Members of Rajya Sabha and Lok Sabha on Thursday raised the issue of high pollution levels in the Delhi-National Capital Region and said farmers alone should not be held responsible for the situation.
Members cutting across party lines said that stubble burning alone cannot be blamed for rising levels of air pollution in and around Delhi and urged the government to provide incentives to farmers so that they dispose of stubble in a more scientific manner.
Underlining steps taken by the centre to check pollution, Union Minister of Environment Prakash Javadekar said that national capital’s air quality has improved in the last three years and the number of ‘good’ and ‘moderate’ days has increased. He also said that there has been an overall improvement in the air quality of Delhi in 2019 (from January-November 19) successively from 2016.
The numbers of ‘good’, ‘satisfactory’ and ‘moderate’ days has increased to 159 in 2018 as compared to 152 in 2017 and 106 in 2016, while the number of ‘poor’, ‘very poor’ and ‘severe’ days has reduced to 206 in 2018 compared to 213 in 2017 and 246 in 2016.
“In Delhi, reduction in PM 2.5 levels in 2018 is 7.3 per cent over 2017 and 14.8 per cent over 2016. In Delhi, reduction in PM10 levels in 2018 is 8.6 per cent over 2017 and 16.5 per cent over 2016,” Javadekar said.
Informing the House about the step taken by the government to tackle the issues, Javadekar said a high-level task force has been set up under the chairmanship of the principal secretary to the prime minister in November, 2017, which is closely monitoring the implementation of measures related to management of air pollution in Delhi and NCR. A comprehensive Air Plan for the national capital region has been developed identifying the timeline and a source-based approach has been adopted to control air pollution.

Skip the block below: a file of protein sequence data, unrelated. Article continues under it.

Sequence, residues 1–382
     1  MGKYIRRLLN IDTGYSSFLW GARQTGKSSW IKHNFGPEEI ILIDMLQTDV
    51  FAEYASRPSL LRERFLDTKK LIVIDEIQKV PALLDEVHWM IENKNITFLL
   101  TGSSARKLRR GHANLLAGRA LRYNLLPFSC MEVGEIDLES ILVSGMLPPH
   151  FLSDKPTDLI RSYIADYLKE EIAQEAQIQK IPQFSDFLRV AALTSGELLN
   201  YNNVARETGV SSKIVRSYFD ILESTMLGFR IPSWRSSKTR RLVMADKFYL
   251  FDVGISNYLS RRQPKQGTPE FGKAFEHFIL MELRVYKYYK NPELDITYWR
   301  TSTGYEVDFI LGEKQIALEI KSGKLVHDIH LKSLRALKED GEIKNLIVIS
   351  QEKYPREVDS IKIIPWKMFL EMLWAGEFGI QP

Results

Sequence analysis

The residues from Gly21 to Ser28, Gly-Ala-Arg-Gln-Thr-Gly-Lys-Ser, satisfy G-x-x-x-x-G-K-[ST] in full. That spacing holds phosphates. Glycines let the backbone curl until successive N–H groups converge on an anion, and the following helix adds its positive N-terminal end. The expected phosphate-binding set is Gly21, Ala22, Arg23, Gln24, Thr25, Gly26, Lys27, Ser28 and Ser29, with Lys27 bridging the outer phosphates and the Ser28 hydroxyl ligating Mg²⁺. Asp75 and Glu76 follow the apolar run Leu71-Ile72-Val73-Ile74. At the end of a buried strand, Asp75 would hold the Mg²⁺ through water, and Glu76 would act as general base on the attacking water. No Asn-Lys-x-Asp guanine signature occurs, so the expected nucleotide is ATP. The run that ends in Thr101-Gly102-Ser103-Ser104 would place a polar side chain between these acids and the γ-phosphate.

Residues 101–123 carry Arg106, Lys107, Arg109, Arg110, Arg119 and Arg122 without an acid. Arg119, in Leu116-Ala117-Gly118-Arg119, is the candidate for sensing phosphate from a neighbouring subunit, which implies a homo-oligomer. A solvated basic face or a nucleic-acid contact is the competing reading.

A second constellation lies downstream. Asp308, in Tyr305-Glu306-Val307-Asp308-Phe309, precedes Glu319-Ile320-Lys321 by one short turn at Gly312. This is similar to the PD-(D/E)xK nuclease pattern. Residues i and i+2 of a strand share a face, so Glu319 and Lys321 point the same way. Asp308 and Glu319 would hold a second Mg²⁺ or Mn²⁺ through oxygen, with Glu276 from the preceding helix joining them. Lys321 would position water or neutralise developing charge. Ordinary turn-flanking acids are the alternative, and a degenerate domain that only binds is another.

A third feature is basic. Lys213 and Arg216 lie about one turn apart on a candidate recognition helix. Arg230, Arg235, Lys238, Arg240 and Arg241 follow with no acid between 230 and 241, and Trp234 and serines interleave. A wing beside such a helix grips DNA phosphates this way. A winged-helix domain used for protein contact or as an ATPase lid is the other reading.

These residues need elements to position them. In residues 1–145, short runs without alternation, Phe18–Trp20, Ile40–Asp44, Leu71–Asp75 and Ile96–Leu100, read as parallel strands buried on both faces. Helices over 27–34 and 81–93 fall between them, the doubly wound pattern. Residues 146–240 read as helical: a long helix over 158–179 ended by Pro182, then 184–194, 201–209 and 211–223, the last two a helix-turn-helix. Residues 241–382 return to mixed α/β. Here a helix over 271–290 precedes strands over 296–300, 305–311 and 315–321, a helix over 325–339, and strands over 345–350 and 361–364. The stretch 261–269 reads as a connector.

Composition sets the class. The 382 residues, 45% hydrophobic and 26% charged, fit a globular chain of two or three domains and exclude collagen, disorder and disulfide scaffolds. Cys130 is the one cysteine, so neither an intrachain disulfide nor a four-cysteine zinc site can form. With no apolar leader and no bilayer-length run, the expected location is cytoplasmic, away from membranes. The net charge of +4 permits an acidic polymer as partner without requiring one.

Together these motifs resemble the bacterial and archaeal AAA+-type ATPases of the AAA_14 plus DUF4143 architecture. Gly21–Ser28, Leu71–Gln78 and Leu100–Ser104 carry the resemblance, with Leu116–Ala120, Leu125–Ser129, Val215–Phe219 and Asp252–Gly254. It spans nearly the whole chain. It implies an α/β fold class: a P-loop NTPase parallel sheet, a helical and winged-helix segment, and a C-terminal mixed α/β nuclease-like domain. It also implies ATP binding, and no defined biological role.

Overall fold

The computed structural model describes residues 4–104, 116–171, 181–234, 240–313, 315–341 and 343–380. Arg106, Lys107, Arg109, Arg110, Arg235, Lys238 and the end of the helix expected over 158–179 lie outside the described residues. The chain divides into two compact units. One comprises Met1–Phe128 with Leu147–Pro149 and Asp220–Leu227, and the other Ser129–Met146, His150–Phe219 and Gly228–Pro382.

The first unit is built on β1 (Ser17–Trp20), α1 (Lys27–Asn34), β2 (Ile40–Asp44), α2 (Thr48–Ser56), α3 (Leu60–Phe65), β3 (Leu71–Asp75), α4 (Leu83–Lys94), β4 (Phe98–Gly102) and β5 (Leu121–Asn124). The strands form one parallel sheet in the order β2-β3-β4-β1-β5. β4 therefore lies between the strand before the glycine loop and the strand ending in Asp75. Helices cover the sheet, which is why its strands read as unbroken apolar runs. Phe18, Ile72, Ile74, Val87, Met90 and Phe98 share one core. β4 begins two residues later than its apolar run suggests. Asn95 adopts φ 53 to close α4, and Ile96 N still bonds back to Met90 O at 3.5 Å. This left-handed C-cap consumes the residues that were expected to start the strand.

The environment ministry also launched the National Clean Air Programme (NCAP) in January to tackle the problem of air pollution in a comprehensive manner with targets to achieve 20 to 30 per cent reduction in PM 10 and PM 2.5 concentration. This would be achieved by 2024 keeping 2017 as the base year. Moreover, over the vehicular emissions, BS VI emission norms would be applicable in the country from April 1, 2020, and this would led to 80 per cent reduction in particulate matter emissions.
The government has also taken initiatives for stringent emission norms for coal-based thermal plants and has closed Badarpur Thermal power plant from October 15, 2018.
In order to prevent stubble burning, a new central sector scheme on promotion of agricultural mechanisation for in-situ management of crop residue in the states of Punjab, Haryana, Uttar Pradesh and Delhi is being implemented. Members from the BJP and the opposition led by the Aam Aadmi Party (AAP) and supported by Congress, Samajwadi Party (SP) and others were involved in heated exchanges over the rising pollution levels in the city.
After Prakash Javadekar informed the House about the steps taken by the Centre on the issue, BJP member Vijay Goel alleged that the Delhi government is not taking proper action to tackle pollution. Countering Goel, AAP MP Sanjay Singh alleged that Centre is doing politics only and mocking over Kejriwal’s health. During debate, Samajwadi party MP Jaya Bachhan took a dig over low attendance in the house during the debate on such an important issue.